The whole zoo in his boat (flying buttress figurine)

Coarse-grained zoo

A whole zoo in a boat. The old tuffstone flying buttress figurine

This week I had an Ark on my hands again. This is the last flying buttress figurine that was designed by Theo van Reijn and probably carved by Eduard van Kuilenburg, in 1953 or ’54. But it's weathered down very much. When it was in my yard, I had to take a good look. I knew it was supposed to be an ark, but I couldn't determine which animals were in it. I thought I saw a donkey, a camel, an elephant, a snake and a crocodile. And Noah of course. I turned out to be off by a mile or so!


Of a camel that turned out to be a stork

ark with a zoo, Presawn in new Muschelkalk limestone

Only when I was about to presaw this sculpture, I took the time to take a closer look. It soon became clear that I was wrong on almost all counts. I had to fix some things, but the donkey turned out to be a giraffe, the camel was actually a Shoebill stork, and the fat crocodile turned into a hippopotamus! That shows how vague everything had become, when even a sculptor standing right over it can't recognize them. In daylight, that is. In the evening, in artificial light coming only from above, the shapes are much clearer.

All aboard!

A whole zoo in a boat. Copying. New and old flying buttress figurine of limestone and tuff

A piece of the beak of the stork was lying loose on the sculpture and had to be glued back on. the rest of the muzzles had to be repaired before I could copy it. The story that's told in this flying buttress sculpture is the moment when the boat was ready and all the animals were about to board. 'Of all the pure animals seven pairs, of the other animals two pairs'. In this sculpture Noah is comforting the elephant and the snake wants to go off on his own again.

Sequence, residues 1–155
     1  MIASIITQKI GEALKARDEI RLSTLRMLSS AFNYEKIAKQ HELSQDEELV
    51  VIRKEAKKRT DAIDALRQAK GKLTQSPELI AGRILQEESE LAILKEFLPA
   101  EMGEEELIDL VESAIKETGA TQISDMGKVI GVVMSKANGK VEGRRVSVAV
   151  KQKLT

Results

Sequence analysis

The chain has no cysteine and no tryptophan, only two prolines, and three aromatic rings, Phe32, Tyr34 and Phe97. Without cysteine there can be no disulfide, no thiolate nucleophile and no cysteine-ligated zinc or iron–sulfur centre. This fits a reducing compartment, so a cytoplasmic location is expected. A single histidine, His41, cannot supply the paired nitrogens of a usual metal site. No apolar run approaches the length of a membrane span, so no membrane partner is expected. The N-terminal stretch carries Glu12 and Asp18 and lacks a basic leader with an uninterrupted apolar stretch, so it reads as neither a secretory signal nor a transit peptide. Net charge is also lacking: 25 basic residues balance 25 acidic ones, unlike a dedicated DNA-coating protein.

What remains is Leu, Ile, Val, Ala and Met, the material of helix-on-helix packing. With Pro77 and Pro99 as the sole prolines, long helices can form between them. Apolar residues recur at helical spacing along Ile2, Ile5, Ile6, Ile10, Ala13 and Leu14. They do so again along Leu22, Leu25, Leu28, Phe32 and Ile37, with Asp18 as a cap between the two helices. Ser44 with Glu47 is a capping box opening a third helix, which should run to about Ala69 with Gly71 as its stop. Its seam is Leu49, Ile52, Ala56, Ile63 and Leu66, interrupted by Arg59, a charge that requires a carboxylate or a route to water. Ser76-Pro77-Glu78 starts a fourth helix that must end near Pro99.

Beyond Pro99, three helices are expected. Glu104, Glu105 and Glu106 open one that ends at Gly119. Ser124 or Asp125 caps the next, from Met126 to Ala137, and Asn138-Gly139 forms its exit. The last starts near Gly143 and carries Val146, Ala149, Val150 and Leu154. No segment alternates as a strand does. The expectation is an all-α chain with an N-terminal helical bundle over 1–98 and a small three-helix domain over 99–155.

a zoo in a boat-copy of the arkInterestingly, the old Ark was left quite rough at the bottom. It may have been the intention of the sculptor, but I think this was one of the first pieces on top of the flying buttress. Perhaps at that time it was still a little bit unclear how the profile would run which the stonemason would add later. Next, the stonemason made the profile to fit on site, and there has never been anyone afterwards who adapted the lower part of the sculpture.

a zoo in a boat-copy of the ark


This time, I decided to make an adjustment: like with the previous ark I put the ship on struts. Normally you would only put the whole zoo inside the ship once it is in port, but Noah had a unique situation: he built the ship on dry land, then it started to rain and the water came to the ship instead of vice versa. To make it clear that the ark, with the whole zoo already in it, is still on the land, I placed the ark on struts again.

The hippo, which I first thought was a big fat crocodile, was carved much clearer and for good measure I put a Big Smile on its snout. After all, he is allowed to ride on the boat!

a zoo in a boat-copy of the ark

Update 16 February 2018

Below are a few photos from my visit to the Eusebius Church 15 February. is the blog of Koen van Velzen, sculptor in stone and bronze. Look up my website as well: